First Year Student Policy
Gender Neutral Housing: An Introduction
At Dickinson, we hold diversity and inclusion as a central tenet because it is an essential foundation for learning and excellence in a global society. The residential experience represents an important foundation for students overall academic and social success. As an integral part of the out-of-classroom experience, students living in college residences can expect an inclusive living environment to fully benefit from the Dickinson experience.
What exactly is gender-neutral housing?
Gender-neutral housing is a residential space in which roommates of any combination of biological sexes, gender identities or gender expressions choose to live together. This includes small houses, apartments, suites and traditional rooms that comprise our current residential facilities.
Why does Dickinson College offer a gender-neutral housing option?
There are some students for whom traditional, same-sex room assignments are not ideal or appropriate, and we believe it is important that housing policies evolve to meet the needs of all students to create an inclusive, welcoming environment. This policy helps create an environment that acknowledges, appreciates and respects the diverse nature of the Dickinson student body, while giving students more options in finding a roommate who is truly compatible.
While this housing option has been available for upper-level students, this new policy provides the opportunity for first-year students to share a multiple-occupancy bedroom regardless of students’ sex or gender. This option may be meaningful for a variety of students: those who feel uncomfortable rooming with members of the same sex, transgender students in the process of discovering their gender identity, students who feel they would be more compatible with a roommate of a different sex or gender, and students who do not want sex or gender to be a primary factor in choosing a roommate.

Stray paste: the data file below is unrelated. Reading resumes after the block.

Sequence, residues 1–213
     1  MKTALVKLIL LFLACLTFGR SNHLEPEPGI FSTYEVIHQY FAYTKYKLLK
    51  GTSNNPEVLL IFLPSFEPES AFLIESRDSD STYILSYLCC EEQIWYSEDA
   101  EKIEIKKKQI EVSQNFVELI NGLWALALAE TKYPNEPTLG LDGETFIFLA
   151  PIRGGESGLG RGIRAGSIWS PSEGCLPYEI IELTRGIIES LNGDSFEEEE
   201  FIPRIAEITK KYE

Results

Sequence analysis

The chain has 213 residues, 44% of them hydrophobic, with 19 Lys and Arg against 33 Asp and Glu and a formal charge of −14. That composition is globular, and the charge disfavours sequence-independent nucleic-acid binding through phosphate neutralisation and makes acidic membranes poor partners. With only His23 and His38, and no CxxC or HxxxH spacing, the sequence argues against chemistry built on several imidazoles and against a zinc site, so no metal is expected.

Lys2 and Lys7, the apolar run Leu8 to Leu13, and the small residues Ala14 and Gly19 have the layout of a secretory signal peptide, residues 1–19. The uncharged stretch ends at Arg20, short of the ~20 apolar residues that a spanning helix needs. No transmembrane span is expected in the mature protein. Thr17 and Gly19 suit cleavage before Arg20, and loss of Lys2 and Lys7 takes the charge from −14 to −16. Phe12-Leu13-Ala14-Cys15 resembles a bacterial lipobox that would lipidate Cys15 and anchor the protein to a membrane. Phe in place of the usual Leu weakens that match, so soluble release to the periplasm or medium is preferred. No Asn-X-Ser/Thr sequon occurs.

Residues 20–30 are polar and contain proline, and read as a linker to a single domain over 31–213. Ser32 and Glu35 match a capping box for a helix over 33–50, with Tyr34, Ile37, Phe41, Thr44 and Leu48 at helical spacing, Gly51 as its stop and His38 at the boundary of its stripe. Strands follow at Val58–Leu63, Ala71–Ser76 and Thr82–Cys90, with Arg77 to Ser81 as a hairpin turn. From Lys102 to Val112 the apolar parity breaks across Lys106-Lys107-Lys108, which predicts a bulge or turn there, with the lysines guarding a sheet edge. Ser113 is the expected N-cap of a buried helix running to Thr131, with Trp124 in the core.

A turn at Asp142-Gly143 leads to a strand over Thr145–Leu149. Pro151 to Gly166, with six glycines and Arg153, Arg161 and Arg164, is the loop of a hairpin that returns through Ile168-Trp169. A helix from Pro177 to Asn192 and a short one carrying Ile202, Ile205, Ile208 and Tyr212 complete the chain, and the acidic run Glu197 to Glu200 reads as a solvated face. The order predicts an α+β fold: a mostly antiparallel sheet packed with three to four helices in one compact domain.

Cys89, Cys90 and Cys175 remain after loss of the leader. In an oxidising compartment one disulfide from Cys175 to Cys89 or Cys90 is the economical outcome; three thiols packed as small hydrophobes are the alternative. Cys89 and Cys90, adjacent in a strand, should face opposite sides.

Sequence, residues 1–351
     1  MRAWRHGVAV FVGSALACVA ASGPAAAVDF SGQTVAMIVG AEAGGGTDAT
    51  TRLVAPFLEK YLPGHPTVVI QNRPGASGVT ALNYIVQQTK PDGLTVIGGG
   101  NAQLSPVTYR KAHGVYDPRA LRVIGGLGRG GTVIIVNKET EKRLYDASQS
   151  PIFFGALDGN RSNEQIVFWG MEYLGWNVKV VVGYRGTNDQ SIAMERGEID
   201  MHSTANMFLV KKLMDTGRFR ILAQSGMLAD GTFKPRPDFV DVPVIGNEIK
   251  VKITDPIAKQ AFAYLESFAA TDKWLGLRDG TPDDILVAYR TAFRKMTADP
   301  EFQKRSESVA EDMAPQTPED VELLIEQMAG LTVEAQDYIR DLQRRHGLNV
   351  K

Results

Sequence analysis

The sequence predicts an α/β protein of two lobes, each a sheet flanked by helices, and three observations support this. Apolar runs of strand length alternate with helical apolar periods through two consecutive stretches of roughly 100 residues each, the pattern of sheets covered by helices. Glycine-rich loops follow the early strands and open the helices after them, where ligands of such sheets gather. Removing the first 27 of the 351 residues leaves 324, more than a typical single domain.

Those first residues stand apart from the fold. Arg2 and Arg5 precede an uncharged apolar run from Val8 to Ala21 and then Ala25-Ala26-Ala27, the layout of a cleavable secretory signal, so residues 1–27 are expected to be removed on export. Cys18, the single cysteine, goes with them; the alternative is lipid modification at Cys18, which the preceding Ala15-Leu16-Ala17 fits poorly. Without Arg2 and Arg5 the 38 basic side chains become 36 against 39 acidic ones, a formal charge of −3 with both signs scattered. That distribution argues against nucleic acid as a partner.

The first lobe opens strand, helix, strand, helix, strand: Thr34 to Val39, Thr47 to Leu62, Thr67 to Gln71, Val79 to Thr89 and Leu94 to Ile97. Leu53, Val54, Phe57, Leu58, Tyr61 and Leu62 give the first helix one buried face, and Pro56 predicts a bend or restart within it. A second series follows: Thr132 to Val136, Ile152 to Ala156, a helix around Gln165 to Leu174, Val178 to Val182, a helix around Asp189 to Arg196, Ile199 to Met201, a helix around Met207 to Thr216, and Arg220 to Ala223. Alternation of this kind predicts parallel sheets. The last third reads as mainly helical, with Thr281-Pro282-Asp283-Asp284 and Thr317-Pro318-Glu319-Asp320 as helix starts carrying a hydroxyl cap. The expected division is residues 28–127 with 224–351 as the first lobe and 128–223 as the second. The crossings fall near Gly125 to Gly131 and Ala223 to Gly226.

How do I select gender-neutral housing?
First-year students who feel that gender-neutral housing will be the best option for them will signal this request on the housing preference form that goes out in May as part of the housing selection process.
Students who indicate a preference for this option will be contacted by a professional staff member for a conversation that will help us provide housing that best meets a student’s individual needs.
Are bathrooms gender-neutral as well?
Generally, there are two types of bathrooms within residential facilities: single person and group bathrooms. All single person bathrooms (one toilet, one sink and one shower) are gender-neutral (anyone can use the bathroom).
Group bathrooms are those with multiple toilets, sinks and showers. These bathrooms are designated at the beginning of the year as male or female, but residents are given the opportunity to review and determine the final designation of these bathrooms.
Based on the conversation with a staff member, students will be assigned to a housing facility that will best meet their needs regarding housing and bathrooms.
How will vacancies be managed?